We’ve been trying for four nights to catch this bat among the giant rimu and kahikatea of an ancient piece of New Zealand forest at Puketitiri, near Napier. Our group includes Nick Gillingham and Tony McCann, two of a dozen scientists who are trying to unravel the mysterious world of New Zealand’s tow species of native bat.
We know only the sketchiest of details about the bat we have caught-the long-tailed species-and its ancient, and scientifically even more precious, cousin, the short-tailed bat. They are the only terrestrial mammals which were present in New Zealand before humans. Long before humans. A million years ago, the ancestors of our long-tails probably blew in from Australia. Short-tails were already ancient residents. Recent DNA studies suggest that they diverged from South American bat stock some 35 million years ago; but New Zealand was last physically joined to that part of the world 65 million years ago, so just how and when they arrived here remains a mystery.
Nick and Tony are both quiet and rather dreamy people, possibly because to do this work they have to live a life close to that of the bats: awake through the night, asleep for much of the day. By night, they go into the forest armed with the bat researcher’s tools of trade: harp-like traps with fine strings which the bats fly against, then slide gently down into holding bags; nets as fine as mist which the bats cannot sense and which hold them tenderly like cobwebs until the scientists pick them out; bat detectors with high-frequency microphones to pick up the bats’ calls. To our ears, bats in flight are perfectly silent, but in fact they make a lot of noise. We could have hundreds of them flying over us in the darkness, but without detectors we would never know that.
Each night during summer, Tony and Nick set the traps across streams, the insect-rich superhighways of the bats, and when they catch a female bat they check her for signs of pregnancy, then glue a tiny transmitter on her back and let her go. The transmitter emits a steady stream of electronic beeps, and late the following afternoon, while the bat sleeps, they set out with their receiver to track her, filling in another fragment of our scant knowledge about where bats live, how far they fly and how they conduct their lives. And here is the scientists’ nightmare: each night these bats move to a new roost, another hole high up in one of these huge trees—returning seldom, it seems, to a former roost. Sometimes they’ll move as far as 15 kilometres away. So each day the scientists’ search starts, yet again, blind.
As Nick carefully stretches our captive bat’s wing to measure it, I trace the fragile bones of the shape that has become a comic-book icon. All bats belong to the order Chiroptera, literally “hand wing,” and the long delicate fingers, even a small thumb at the top of each wing, are clear to see through the almost translucent membrane. Cool to the touch, the membrane is rubbery and feels like cling wrap. With her wings out she is about the same size as a swallow; wings folded, she is the size of a mouse and weighs only 12 grams, lighter than Nick would expect her to be if she were pregnant.
She has no milk, either, which means that, unlike most of the females Nick and Tony have caught recently, she has not given birth this summer. Maybe she’s still too young; maybe she’s too old. And too old in this case could be astonishingly old, up to around 35 years. For their size, these are the longest-lived mammals on earth.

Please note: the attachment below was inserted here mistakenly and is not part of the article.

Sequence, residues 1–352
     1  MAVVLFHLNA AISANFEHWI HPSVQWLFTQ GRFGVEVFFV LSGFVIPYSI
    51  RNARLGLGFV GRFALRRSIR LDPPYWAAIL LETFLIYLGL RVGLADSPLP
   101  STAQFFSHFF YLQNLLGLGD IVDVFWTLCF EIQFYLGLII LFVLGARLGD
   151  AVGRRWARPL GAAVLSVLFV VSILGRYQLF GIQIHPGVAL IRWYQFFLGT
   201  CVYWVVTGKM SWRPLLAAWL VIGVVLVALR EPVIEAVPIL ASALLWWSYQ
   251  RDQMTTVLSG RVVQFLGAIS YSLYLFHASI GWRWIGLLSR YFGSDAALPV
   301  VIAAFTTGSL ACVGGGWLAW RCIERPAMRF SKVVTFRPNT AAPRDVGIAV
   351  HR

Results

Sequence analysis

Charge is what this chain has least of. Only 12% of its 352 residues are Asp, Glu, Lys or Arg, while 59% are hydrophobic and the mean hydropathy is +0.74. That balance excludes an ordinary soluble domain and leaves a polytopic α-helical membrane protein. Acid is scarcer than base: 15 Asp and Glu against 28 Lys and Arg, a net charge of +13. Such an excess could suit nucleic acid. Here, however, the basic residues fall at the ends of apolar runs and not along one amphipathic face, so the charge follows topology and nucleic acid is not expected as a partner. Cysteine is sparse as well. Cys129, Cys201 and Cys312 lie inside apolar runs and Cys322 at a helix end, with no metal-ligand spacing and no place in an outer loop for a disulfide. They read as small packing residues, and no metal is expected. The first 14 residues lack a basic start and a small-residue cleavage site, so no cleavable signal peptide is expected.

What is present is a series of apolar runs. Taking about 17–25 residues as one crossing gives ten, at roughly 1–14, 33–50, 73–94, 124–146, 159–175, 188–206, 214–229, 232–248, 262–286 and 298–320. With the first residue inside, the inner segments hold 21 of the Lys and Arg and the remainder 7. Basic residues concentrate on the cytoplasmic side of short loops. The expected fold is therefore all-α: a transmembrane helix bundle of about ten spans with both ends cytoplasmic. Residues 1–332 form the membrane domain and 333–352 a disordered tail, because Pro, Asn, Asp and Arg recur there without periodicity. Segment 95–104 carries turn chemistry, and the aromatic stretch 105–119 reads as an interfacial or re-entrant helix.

Now in my hand I feel the bat’s small body vibrating, and she yawns, displaying a neat row of sharp little teeth. “She’s revving up,” Nick warns. Soon she will come out of this sleepy state and will fly away. All measurements are complete, and the transmitter glued in place between her shoulder blades. Cameras are set up to record the flight. For future reference, instead of a number we give her a name. Emily. Our bat detector starts slowly tock-tocking. She has begun echolocating—sending out sonar clicks, the return echoes of which enable her to “see” in her dark world. Now, pulling herself along, wing over wing, she scrambles to my fingertips and launches herself. For one sliver of an instant she flies towards the camera; then the flash freezes her in the middle of the tightest and most graceful roll any pilot will ever make. As she accelerates away from us, her wings flicker in our torch beams like a strobe light.
Now only the mocking tock of the detector tells us that she is sweeping overhead and away. The fragile and dopey little handful has suddenly become a masterful creature of the night.
Bats fall into two groups the “mega” bats and the “micro” bats—and they’re as different from each other as dogs are from cats. There is even debate among bat people about whether they came from a common ancestor. Some scientists suggest that the mega-bats, the large flying foxes and fruit-eating species, may be distantly related to humans.
These big bats have large eyes, see well in available light, and don’t rely on ultrasonic echolocation. The micro-bats also have good eyesight, but rely at night on their echolocation to build up a picture of their surroundings.
Humans have a very narrow hearing range. At our youngest and best, before we expose our hearing to loud rock bands, pneumatic drills and constant traffic din, our hearing runs out at 20 kilohertz. That’s where a lot of mammals—and insects—start. Short-tailed bats emit their ultrasonic calls over a wide range of frequencies, some higher than 100 kHz. They are most easily detected at about 27 kHz, and long-tailed bats at about 40 kHz.